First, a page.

A Hilcorp pilot reported a natural gas leak in the Cook Inlet off the shore of Nikiski, Alaska on Thursday, April 1, 2021. (Alaska Department of Environment Conservation)

A Hilcorp pilot reported a natural gas leak in the Cook Inlet off the shore of Nikiski, Alaska on Thursday, April 1, 2021. (Alaska Department of Environment Conservation)

Hilcorp reports leak in Cook Inlet

A helicopter pilot identified bubbles surfacing during a supply delivery on Thursday.

Oil and gas company Hilcorp reported a natural gas leak in the Cook Inlet after a helicopter pilot identified bubbles surfacing during a supply delivery on Thursday, April 1, according to the Alaska Department of Environment Conservation (ADEC).

The location of the leak is between Platform A and Nikiski. The total amount of natural gas in the inlet is still unknown. The pipeline sits 80 feet underwater, ADEC reported.

In 2017 a leak occurred from the same pipe, according to the ADEC. The department reported that Hilcorp officials are still unsure of what caused the April 1 leak, but an investigation is underway.

“Upon discovery, Hilcorp notified all appropriate federal and state agencies and immediately began shutting in the impacted facilities,” the energy company said in a statement Tuesday. “No sheen has been observed. An assessment of the source of the leak is ongoing. No personnel or wildlife have been impacted. We are monitoring ice conditions and will perform side scan sonar to gather further data on the repair location. Divers will be deployed mid-week to install a temporary clamp.”

Hilcorp also began reducing pressure on the pipeline after reporting the leak and will continue to monitor the pipe and wildlife on the coast, according to the ADEC.

Reach reporter Camille Botello at camille.botello@peninsulaclarion.com.

More in News

Copies of the Peninsula Clarion are photographed on Friday, June 21, 2024. (Photo by Erin Thompson/Peninsula Clarion)
Announcing a new Peninsula Clarion print schedule

Our last Wednesday edition will be delivered June 26.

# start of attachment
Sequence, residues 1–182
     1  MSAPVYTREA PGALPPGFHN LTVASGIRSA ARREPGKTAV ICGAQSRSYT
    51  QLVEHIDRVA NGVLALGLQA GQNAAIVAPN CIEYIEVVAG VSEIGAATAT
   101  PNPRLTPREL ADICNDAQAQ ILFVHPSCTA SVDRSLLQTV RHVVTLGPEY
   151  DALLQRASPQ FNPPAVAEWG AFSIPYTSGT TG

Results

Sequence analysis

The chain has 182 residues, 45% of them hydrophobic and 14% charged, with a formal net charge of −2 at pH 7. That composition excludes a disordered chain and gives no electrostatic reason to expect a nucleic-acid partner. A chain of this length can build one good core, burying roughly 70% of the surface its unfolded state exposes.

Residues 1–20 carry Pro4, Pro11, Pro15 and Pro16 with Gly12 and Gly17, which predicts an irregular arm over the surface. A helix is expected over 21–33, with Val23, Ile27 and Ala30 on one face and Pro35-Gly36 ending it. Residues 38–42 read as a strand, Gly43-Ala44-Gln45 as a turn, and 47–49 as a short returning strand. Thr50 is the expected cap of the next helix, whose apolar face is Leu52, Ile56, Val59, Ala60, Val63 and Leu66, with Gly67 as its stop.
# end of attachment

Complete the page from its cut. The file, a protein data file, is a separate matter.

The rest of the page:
A bucket of recently caught sockeye salmon rests on the sand while anglers seek to fill it further at the mouth of the Kasilof River on Monday, June 26, 2023, in Kasilof, Alaska. (Jake Dye/Peninsula Clarion)
Dipnetting in Kasilof opens Tuesday

Dipnetting will be allowed at all times until Aug. 7

The Kasilof River is seen from the Kasilof River Recreation Area, July 30, 2019, in Kasilof, Alaska. (Photo by Erin Thompson/Peninsula Clarion)
Fish and Game restricts bait on Kasilof, Ninilchik Rivers

The use of bait on the rivers will begin Friday and extend to July 15 in Ninilchik, July 31 in Kasilof

A man fishes in the Kenai River on July 16, 2018, in Soldotna, Alaska. (Peninsula Clarion/file)
Slow sockeye fishing on Kenai, Russian Rivers

Northern Kenai Fishing Report for June 20

Alaska Department of Fish and Game logo. (Graphic by Jake Dye/Peninsula Clarion)
Bag limits doubled for sockeye salmon in Resurrection Bay

The increase is effective from June 21 to July 31

Jake Dye/Peninsula Clarion
Girl Scout Troop 210, which includes Caitlyn Eskelin, Emma Hindman, Kadie Newkirk and Lyberty Stockman, present their “Bucket Trees” to a panel of judges in the 34th Annual Caring for the Kenai Competition at Kenai Central High School on Thursday, April 18.
Caring for the Kenai winners receive EPA award

Winning team of the 34th annual Caring for the Kenai was selected for the President’s Environmental Youth Award

Norm Blakely speaks to the Kenai Peninsula Borough Assembly in Soldotna, Alaska, on Tuesday, June 18, 2024. (Jake Dye/Peninsula Clarion)
Assembly approves resolution guiding efforts to increase voter turnout

The Voter Turnout Working Group was established to explore options and ideas aimed at increasing voter participation

Most Read